Methodology: The research relied on qualitative approach, where Participatory analytical tools were employed along with “thick description” (Geertz ,The Interpretation of Culture, 1973) where I had tried to keep record on everything I observed as much as I could do using my dairy notes, the camera (photo and digital) and the tape recorder which was recommended by my advisor professor.
The target groups were herders who live in forest steppe area of the country. In each Community organization, all the members’ livelihood was identified by local residents (social worker of the village, bag (Admin. Unit within the village) randomly chosen herders (2) using Participatory Wealth ranking tool. The mean criteria that the above local residents used were: Livestock number, number of family members, physical assets (car, truck), relatives in bigger cities, experience in herding, possess winter camps, pension from government, whether any children study at Universities.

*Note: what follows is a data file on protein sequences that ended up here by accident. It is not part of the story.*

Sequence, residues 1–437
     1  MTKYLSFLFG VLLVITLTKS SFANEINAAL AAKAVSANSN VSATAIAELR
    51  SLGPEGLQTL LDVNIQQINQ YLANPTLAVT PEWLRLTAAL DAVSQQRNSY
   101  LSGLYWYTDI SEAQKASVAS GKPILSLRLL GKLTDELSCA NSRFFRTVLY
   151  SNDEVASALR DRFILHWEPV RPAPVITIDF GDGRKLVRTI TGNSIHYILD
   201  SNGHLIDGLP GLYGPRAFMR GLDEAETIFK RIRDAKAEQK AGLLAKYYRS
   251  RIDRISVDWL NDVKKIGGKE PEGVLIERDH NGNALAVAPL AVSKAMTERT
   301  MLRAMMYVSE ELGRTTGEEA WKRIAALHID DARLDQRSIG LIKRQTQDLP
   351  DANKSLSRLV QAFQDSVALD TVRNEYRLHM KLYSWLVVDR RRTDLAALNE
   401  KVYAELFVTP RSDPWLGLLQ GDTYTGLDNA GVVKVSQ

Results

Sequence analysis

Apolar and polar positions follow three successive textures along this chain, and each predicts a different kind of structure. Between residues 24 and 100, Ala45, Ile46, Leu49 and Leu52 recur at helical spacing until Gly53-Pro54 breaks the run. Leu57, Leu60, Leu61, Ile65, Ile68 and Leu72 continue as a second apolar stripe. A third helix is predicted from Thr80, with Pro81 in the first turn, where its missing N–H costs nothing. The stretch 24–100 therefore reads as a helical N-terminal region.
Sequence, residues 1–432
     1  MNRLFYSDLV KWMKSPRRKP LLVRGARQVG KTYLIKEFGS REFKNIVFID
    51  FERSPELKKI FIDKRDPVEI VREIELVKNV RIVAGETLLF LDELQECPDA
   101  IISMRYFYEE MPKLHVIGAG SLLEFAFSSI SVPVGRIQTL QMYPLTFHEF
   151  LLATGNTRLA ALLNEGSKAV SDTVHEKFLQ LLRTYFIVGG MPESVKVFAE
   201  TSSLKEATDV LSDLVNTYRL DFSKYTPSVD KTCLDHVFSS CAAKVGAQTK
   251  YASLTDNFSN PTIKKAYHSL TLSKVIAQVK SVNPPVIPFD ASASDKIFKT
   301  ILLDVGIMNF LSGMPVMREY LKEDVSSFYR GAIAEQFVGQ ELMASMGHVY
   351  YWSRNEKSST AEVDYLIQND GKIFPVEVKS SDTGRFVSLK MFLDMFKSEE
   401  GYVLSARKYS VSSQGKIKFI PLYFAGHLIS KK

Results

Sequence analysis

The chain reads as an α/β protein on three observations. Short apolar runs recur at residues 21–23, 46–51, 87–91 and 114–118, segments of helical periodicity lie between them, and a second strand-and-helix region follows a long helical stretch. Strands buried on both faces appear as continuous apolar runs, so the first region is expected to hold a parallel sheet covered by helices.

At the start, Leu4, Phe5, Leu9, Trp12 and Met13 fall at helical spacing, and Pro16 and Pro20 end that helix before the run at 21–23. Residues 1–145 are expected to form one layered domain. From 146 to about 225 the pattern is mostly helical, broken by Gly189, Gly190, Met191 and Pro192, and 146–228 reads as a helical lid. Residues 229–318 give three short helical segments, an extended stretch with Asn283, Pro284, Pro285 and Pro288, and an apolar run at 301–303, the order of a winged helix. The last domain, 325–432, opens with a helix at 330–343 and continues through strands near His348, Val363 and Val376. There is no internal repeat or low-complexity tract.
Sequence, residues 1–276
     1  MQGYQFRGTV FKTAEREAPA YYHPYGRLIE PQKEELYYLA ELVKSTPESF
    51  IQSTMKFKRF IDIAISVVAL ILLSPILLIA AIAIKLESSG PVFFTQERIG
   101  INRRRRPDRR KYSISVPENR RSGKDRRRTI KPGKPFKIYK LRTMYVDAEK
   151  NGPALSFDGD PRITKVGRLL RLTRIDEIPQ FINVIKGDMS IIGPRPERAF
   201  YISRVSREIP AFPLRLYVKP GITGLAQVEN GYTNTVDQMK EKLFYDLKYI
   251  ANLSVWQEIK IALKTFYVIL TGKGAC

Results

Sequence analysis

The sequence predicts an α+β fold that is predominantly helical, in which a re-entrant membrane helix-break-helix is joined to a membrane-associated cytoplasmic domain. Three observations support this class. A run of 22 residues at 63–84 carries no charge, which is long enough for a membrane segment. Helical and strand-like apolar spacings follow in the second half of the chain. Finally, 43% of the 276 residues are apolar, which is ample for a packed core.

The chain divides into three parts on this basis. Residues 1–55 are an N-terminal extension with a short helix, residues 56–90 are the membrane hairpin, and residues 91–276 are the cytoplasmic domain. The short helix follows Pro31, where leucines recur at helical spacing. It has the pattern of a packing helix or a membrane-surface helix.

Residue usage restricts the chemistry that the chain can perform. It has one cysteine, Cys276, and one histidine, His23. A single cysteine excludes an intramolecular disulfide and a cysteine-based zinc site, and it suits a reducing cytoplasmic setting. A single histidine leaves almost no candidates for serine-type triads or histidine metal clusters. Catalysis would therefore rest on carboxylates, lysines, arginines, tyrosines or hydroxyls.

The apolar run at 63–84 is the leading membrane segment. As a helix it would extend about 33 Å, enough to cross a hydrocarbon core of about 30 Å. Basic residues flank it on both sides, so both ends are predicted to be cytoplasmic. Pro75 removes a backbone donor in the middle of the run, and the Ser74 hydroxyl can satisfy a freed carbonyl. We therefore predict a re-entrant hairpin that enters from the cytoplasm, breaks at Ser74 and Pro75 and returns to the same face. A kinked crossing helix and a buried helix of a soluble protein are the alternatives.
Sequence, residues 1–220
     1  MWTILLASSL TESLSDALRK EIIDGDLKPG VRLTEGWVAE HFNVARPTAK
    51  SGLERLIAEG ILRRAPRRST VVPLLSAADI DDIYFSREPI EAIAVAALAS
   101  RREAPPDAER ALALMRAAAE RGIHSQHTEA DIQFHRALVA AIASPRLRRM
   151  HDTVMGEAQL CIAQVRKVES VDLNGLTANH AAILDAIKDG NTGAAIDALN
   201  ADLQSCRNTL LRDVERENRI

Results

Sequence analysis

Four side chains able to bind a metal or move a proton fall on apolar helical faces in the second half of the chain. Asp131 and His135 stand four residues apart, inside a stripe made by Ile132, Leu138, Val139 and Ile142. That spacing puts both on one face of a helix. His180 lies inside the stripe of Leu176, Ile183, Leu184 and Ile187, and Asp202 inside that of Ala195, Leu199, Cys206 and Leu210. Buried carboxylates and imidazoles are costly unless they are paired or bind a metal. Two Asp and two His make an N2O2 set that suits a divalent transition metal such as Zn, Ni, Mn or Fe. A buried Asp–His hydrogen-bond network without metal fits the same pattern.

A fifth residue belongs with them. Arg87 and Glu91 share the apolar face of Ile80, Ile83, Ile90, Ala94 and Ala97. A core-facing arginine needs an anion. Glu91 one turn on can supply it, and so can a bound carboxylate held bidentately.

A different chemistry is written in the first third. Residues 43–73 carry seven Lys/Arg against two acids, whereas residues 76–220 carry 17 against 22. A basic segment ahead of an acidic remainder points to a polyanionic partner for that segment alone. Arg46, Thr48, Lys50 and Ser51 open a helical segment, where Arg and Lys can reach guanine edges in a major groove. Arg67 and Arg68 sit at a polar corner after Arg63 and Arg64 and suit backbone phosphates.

Secondly, once the livelihood of the herders were identified the wealthier, better off and poor households were chosen randomly. Sometimes due to the herders time availability the researcher used snow ball sampling technique, where finding one respondent by asking others than suit for the criteria .
Semi structured interview:
The main method used during the fieldwork was semi structured interviews. The research was conducted in the area of nomadic people where group of households live distance (10-20km) from other group of households. In that case this method was most suitable for individual herders to interview rather than group discussion. Also the fieldwork was overlapped with some of the main activities of local herders such as hay collecting which makes local people busy, the group discussion was not suitable. Also since some of the respondents were illiterate semi structured interview did not require them to read and write instead it was encouraging them to talk more casual way while researcher can correct immediately when the misunderstandings occur during the interviews.
The each interview was started with casual icebreaking and introductions. Before starting the main interview I informed every respondent by explaining my research work and it helped them to relax before interview and avoid sensitive issues that might be occur during interview. Also the open-ended questions allow both researcher and respondents to talk freely and openly.